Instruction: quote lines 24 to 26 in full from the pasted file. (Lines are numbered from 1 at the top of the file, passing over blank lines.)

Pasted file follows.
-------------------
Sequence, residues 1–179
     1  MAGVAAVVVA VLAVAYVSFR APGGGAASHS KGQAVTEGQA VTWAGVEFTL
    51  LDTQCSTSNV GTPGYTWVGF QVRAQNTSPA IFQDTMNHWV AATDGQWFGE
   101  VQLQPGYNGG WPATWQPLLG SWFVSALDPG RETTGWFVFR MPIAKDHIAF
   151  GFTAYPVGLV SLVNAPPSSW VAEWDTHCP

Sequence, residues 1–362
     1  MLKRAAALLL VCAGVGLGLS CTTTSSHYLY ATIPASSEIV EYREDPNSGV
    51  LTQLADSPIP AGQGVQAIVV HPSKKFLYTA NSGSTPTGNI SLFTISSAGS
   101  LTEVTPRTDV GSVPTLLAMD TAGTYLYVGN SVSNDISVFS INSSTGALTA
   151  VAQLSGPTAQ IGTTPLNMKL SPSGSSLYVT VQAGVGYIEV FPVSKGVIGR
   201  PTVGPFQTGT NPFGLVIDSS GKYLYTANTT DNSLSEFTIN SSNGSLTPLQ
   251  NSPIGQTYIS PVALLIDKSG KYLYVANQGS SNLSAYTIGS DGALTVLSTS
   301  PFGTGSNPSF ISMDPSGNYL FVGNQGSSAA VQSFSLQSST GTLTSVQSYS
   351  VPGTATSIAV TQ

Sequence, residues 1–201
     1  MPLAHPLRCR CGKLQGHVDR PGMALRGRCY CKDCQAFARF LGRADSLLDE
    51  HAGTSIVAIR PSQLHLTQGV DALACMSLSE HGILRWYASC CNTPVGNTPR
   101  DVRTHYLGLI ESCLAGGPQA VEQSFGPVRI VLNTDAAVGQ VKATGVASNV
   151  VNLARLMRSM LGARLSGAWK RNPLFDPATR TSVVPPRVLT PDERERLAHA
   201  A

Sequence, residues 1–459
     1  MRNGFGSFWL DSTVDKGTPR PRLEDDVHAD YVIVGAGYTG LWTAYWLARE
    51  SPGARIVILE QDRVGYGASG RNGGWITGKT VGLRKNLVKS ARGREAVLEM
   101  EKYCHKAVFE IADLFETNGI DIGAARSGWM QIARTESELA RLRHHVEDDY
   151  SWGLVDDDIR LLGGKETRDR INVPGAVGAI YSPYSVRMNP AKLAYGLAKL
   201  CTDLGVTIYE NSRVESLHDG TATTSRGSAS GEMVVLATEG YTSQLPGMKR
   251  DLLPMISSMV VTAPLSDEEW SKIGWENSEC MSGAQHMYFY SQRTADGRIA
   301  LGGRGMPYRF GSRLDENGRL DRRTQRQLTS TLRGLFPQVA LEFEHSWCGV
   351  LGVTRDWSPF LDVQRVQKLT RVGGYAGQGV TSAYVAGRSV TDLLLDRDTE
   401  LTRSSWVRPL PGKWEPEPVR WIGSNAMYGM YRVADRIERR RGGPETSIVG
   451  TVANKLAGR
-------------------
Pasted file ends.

   101  EKYCHKAVFE IADLFETNGI DIGAARSGWM QIARTESELA RLRHHVEDDY
   151  SWGLVDDDIR LLGGKETRDR INVPGAVGAI YSPYSVRMNP AKLAYGLAKL
   201  CTDLGVTIYE NSRVESLHDG TATTSRGSAS GEMVVLATEG YTSQLPGMKR